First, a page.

ObamaCare was billed as the solution to many healthcare industry problems, including curbing the number of patients who use hospital emergency rooms as primary care or non-emergency needs. Two years later, emergency visits are rising because of the Affordable Care Act.
A new survey of emergency room doctors found that 3 in 4 reported an increase in patient visits since January 2014 – a significant rise from a year earlier when less than half of doctors reported an increase.
The problem is that newly insured Medicaid recipients under ObamaCare’s Medicaid expansion can’t find doctors willing to accept their ObamaCare plans and are turning back to the ER to meet their needs.
This isn’t new news to the Administration. A report last year by the Health and Human Services watchdog inspector general found that more than half of providers listed in Medicaid managed-care plans couldn’t schedule appointments for enrollees. The median wait-time for those who could was two weeks, but more than 1 in 4 had patients had wait times of more than a month for an appointment. There goes the grand plan to ease overcrowding of emergency rooms.
Last year about this time, Democratic House Minority Leader Nancy Pelosi called ObamaCare a “work in progress,” hinting that unintended consequences would be ironed out over time. Too bad the exact opposite is happening. A year ago, ER visits were rising but by as much as this year.
USA Today reports:
A poll released today by the American College of Emergency Physicians shows that 28% of 2,099 doctors surveyed nationally saw large increases in volume, while 47% saw slight increases. By contrast, fewer than half of doctors reported any increases last year in the early days of the Affordable Care Act.
Such hikes run counter to one of the goals of the health care overhaul, which is to reduce pressure on emergency rooms by getting more people insured through Medicaid or subsidized private coverage and providing better access to primary care.
Experts cite many root causes. In addition to the nation's long-standing shortage of primary care doctors — projected by the federal government to exceed 20,000 doctors by 2020 — some physicians won't accept Medicaid because of its low reimbursement rates. That leaves many patients who can't find a primary care doctor to turn to the ER — 56% of doctors in the ACEP poll reported increases in Medicaid patients.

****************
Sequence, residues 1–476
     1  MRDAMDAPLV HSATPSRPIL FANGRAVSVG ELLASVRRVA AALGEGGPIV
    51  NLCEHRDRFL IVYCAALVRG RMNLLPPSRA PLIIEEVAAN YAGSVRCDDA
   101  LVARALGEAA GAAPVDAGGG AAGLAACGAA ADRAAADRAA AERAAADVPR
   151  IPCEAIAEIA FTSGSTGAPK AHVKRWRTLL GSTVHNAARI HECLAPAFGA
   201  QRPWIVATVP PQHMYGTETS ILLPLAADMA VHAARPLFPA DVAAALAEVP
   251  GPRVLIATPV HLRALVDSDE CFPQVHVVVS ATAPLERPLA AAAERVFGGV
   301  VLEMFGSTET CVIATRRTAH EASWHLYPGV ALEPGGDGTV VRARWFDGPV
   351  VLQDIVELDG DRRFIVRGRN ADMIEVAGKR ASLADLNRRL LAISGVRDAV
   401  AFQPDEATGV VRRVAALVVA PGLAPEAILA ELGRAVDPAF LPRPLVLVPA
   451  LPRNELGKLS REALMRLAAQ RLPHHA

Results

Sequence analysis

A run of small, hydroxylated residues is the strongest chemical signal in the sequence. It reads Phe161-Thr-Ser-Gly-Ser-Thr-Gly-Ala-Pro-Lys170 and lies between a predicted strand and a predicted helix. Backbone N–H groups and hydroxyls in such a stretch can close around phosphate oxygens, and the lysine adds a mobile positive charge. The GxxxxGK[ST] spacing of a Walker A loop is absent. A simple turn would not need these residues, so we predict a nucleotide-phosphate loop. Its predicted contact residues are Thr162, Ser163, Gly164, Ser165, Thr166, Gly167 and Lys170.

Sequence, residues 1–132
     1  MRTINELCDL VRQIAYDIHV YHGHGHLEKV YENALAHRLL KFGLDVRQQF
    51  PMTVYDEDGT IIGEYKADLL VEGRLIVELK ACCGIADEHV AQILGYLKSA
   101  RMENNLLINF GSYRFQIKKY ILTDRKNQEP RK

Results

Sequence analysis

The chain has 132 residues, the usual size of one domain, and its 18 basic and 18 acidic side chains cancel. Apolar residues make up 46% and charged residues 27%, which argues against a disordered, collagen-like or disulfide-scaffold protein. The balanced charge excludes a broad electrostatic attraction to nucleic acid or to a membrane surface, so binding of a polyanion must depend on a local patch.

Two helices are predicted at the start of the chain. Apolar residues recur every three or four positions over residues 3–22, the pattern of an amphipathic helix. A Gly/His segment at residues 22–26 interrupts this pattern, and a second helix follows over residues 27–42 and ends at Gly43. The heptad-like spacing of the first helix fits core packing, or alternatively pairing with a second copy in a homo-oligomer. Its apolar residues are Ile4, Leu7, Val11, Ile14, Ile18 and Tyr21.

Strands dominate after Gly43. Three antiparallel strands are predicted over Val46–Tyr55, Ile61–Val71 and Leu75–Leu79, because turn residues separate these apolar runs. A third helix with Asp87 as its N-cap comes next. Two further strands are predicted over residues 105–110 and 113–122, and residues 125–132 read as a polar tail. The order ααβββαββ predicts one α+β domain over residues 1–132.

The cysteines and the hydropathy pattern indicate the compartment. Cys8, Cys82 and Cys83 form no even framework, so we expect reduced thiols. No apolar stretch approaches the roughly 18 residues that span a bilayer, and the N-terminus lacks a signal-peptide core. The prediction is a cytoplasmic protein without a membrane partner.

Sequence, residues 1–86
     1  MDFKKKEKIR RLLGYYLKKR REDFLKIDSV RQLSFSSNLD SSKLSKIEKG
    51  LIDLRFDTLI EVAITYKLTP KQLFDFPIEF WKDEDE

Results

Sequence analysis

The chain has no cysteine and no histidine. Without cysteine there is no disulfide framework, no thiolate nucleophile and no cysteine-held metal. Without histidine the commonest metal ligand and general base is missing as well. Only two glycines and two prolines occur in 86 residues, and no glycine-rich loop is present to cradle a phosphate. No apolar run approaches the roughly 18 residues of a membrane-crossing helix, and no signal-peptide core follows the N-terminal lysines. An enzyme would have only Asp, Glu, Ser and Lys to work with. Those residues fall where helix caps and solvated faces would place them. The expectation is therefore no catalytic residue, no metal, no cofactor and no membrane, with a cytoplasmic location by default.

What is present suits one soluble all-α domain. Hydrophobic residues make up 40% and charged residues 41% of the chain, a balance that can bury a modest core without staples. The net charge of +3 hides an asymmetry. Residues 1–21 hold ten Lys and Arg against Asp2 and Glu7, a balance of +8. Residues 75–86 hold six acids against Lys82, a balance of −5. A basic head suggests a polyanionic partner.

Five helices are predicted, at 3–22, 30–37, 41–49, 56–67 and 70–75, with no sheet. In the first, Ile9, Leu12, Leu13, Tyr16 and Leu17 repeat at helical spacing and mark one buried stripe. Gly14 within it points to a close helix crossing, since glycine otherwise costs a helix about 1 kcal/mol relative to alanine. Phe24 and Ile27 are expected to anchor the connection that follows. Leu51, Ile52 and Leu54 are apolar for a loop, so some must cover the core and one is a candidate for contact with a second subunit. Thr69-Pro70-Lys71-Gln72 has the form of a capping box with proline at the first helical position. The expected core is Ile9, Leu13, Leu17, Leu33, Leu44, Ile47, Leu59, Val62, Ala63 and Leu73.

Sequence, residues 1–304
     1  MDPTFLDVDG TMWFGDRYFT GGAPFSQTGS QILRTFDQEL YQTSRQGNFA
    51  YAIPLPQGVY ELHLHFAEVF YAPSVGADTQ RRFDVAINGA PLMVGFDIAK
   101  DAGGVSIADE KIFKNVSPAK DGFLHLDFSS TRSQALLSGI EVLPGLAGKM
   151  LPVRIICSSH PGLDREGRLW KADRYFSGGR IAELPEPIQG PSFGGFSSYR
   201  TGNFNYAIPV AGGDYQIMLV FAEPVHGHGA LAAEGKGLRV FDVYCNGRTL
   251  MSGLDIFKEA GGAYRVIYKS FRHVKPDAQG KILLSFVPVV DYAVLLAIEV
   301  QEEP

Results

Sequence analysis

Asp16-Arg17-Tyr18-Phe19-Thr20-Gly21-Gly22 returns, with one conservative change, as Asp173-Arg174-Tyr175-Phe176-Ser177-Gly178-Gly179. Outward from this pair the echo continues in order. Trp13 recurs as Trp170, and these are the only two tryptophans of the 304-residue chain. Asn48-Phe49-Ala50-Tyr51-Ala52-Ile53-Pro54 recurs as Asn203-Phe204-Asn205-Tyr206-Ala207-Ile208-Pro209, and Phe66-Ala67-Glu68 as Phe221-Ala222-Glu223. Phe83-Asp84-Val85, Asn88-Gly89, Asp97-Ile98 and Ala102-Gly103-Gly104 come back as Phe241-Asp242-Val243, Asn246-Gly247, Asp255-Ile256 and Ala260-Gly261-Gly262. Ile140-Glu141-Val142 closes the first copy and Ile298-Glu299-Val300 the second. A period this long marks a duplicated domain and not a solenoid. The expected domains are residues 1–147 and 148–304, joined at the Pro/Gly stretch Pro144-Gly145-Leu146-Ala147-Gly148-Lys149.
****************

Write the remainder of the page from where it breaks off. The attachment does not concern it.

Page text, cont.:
Some people who have been uninsured for years don't have regular doctors and are accustomed to using ERs, even though they are much more expensive. A 2013 report from the Robert Wood Johnson Foundation says going to an ER when a primary care visit would suffice costs $580 more for each visit.
ER volumes are likely to keep climbing, and hospitals are working to adapt… Still, seven in 10 doctors say their emergency departments aren't ready for continuing, and potentially significant, increases in volume. Although the numbers should level off as people get care to keep their illnesses under control, Alagia says, "the patient demand will outstrip the supply of physicians for a while."
Who is really surprised by this? The laws of supply and demand predicted that doctor shortages for ObamaCare carriers would occur. First, fewer doctors are accepting Medicaid reimbursements in general as the government lowers its reimbursement rates – leading to a shortage. It’s a business decision because no one wants to work for less than the cost of business. Second, as the supply of doctors accepting ObamaCare dropped at the same time that the number of Medicaid recipients increased it automatically would lead to many customers fighting to see fewer doctors.
The President and ObamaCare’s supporters either were clueless about economics or assumed that individuals and doctors would work against their best interests. They must’ve expected that everything would just sort itself out. When you spend your career talking about the real world instead of living in it, you may think that a smart-enough person can solve all of the nation’s problems through more control and more taxes. You may even intend good, but being well-intentioned is no excuse for producing dumb policies. ObamaCare is case in point.